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I am having problems with a specific problem. I have to schedule 5 employees to work over 14 days. each employee can only work 9 out of 14 days and each day there must be 3 employees scheduled. The key part is that each employee has a given penalty for working on a certain day. So if they cannot work on that day its a penalty of 10 if they can work that and don't mind its a penalty of zero and lastly if they can but don't want to its a penalty of 5.

I have a matrix of the penalty values for each employee for each day. I am trying find a way to write my contraints out.

I had a thought of having Matrix A(penalty Matrix) and matrix B(schedule matrix) and matrix C where C(i,j) = A(i,j)*B(i,j). given this setup if A(i,j) is equal to 0 (the employee does not work) then the penalty will not be taken into account and vica versa.

So then I could say as my constraints:

A(1,1) + A(1,m) + A(1,n) <= 9


A(1,1) + A(m,1) + A(n,1) = 3

and I am Minimizing: C(1,1) + C(m,m) + C(n,n)

My problem in looking at it like this is trying to use this in an optimization algorithm. The simplex algorithm is supposed to be able to solve any LP problem but it can be the slowest. I am stuck and I am sure now that I am looking at this the wrong way. If anyone can give me a fresh set of eyes and possibly an explanation as to why I am looking at this the wrong way I would appreciate it.

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Are you stuck because you need something faster? –  Vaughn Cato Feb 19 '13 at 4:41
It's not clear what your question is. You also can't possibly be using the simplex method to solve this problem, since A(i,j) are binary variables. If your problem size is reasonably small, a good MIP solver should be able to get this to a good enough tolerance. Give more detail! –  raoulcousins Feb 19 '13 at 6:41
This problem is very similar to the nurse rostering competition. If you're looking for an open source implementation to copy from, here's one (not MIP but metaheuristics) (see it in action in this video) –  Geoffrey De Smet Feb 19 '13 at 10:01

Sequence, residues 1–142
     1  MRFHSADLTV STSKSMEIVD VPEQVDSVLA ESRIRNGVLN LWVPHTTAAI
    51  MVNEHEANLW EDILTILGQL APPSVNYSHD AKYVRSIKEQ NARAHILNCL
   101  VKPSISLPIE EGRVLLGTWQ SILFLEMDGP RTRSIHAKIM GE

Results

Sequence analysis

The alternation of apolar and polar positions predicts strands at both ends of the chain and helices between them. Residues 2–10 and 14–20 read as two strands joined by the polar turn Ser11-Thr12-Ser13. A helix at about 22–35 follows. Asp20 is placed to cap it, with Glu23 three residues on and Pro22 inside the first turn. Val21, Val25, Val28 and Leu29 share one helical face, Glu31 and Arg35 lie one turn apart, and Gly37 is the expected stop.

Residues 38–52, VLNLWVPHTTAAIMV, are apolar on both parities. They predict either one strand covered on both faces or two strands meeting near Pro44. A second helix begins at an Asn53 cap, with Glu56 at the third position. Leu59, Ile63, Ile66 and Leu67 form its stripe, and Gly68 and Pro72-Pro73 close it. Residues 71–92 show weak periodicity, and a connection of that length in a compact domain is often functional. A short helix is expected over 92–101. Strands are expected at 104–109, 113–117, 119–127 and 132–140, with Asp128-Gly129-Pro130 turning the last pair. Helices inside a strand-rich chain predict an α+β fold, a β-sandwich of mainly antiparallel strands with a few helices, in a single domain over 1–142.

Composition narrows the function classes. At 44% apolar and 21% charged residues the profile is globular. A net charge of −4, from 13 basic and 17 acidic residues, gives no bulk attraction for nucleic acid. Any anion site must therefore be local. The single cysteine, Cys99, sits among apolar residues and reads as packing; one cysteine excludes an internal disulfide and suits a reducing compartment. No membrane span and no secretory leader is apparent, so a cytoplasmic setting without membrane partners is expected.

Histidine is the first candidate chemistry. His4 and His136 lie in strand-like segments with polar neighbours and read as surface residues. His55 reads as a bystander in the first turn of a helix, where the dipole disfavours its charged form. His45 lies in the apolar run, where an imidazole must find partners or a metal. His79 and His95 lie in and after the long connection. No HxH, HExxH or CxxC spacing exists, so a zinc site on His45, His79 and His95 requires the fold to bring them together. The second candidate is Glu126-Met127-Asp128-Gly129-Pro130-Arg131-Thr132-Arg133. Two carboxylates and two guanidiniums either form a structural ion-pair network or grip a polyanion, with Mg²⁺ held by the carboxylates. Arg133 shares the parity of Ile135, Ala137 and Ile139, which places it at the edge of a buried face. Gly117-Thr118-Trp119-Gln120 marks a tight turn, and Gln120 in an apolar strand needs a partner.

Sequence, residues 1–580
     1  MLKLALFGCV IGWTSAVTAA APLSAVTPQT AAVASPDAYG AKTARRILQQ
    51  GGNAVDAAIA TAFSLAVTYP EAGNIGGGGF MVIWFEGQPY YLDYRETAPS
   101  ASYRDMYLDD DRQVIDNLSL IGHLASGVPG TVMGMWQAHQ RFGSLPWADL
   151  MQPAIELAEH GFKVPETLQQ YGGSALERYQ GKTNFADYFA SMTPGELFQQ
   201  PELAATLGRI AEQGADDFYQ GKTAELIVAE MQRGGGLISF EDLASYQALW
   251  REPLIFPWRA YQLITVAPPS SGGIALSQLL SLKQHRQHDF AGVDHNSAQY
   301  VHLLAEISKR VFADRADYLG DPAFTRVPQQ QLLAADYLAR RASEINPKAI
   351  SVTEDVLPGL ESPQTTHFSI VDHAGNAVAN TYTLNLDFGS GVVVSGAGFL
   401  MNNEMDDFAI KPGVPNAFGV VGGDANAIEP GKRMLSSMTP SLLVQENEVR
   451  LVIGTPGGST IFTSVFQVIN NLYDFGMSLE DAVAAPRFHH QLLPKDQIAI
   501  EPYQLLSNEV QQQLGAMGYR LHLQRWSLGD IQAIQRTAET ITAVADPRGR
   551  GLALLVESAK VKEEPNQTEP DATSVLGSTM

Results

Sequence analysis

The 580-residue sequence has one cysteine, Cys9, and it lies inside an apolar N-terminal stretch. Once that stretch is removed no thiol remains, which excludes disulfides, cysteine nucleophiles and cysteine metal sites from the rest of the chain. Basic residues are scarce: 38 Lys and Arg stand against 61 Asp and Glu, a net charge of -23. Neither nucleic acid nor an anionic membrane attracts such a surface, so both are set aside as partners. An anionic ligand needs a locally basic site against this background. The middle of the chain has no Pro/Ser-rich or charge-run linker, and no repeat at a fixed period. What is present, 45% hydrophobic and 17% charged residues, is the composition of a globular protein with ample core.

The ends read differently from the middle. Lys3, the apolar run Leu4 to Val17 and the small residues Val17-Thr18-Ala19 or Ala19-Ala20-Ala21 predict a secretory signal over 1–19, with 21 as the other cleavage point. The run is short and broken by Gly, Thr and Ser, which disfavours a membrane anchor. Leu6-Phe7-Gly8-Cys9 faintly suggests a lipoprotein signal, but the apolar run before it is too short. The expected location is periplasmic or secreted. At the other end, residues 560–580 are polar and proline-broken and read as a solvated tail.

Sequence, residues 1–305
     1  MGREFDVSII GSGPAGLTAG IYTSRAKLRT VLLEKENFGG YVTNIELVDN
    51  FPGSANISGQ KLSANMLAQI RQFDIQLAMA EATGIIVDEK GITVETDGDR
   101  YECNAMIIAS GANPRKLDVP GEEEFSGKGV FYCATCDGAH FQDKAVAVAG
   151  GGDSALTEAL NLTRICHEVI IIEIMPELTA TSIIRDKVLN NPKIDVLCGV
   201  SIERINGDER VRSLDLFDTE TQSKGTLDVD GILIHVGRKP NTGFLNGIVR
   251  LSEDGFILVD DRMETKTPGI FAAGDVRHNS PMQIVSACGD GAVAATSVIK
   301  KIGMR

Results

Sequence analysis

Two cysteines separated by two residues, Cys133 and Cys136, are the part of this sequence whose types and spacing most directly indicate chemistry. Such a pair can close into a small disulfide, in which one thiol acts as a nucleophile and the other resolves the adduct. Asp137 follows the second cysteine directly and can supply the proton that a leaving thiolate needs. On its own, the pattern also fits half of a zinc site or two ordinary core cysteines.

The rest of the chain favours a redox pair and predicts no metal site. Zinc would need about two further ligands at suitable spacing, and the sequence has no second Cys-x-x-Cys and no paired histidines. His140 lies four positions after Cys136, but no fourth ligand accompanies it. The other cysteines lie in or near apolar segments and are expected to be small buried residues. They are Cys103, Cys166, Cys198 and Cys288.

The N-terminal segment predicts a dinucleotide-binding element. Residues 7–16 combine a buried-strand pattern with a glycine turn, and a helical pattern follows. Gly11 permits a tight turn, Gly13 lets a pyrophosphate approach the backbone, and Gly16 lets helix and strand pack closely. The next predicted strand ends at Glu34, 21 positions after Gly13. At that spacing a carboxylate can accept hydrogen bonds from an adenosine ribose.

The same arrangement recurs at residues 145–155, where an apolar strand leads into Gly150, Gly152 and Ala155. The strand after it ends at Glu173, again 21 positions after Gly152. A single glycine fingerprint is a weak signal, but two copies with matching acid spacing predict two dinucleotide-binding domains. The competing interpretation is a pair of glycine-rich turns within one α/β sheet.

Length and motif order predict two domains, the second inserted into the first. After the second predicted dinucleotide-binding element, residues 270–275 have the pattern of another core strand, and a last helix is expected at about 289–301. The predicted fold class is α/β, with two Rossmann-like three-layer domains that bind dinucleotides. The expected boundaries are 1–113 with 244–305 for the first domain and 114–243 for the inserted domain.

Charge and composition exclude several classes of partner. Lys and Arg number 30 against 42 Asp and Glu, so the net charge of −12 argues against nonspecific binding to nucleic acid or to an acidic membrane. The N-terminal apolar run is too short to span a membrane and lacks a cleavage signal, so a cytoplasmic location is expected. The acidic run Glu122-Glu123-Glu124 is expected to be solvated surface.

I thought I was setting up the problem wrong but it appears not. My main concern was using an optimization algorithm on this....which and how? –  Mark Feb 19 '13 at 12:23

1 Answer 1

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I think you made a modelling mistake that makes your problem more difficult than it needs to be.

Why are you modelling "able and willing," "able but unwilling," and "unable" using a penalty function? Don't you just want to minimise the number of times an employee is assigned a timeslot that the employee is able but unwilling to work? (Without, of course, assigning any employees slots that they're unable to work?)

If you modify the problem like I proposed above, this can be modelled as a straight minimum-cost flow problem. You have one set of nodes for the employees and one set of nodes for the time slots. Connect an employee to a time slot with an edge of capacity 1 if the employee is able to work that time slot. Give it a cost of 0 if the employee is willing to work then and a cost of 1 if the employee is unwilling to work then. Add a source and a sink; the source should have an edge to each employee with capacity 9 (the number of days they can work) and zero cost, while each time slot should have an edge to the sink with capacity 3 and zero cost.

It's relatively straightforward to code up a min-cost flow solver from scratch.

If you want to forbid timeslots from being staffed by two or more unwilling employees, I think you're stuck modelling the problem as an integer program. GLPK is a free linear and integer program solver. It's not quite state-of-the-art, but it does work quite nicely on lots of problems. I doubt it'll have trouble solving small-scale instances like yours.

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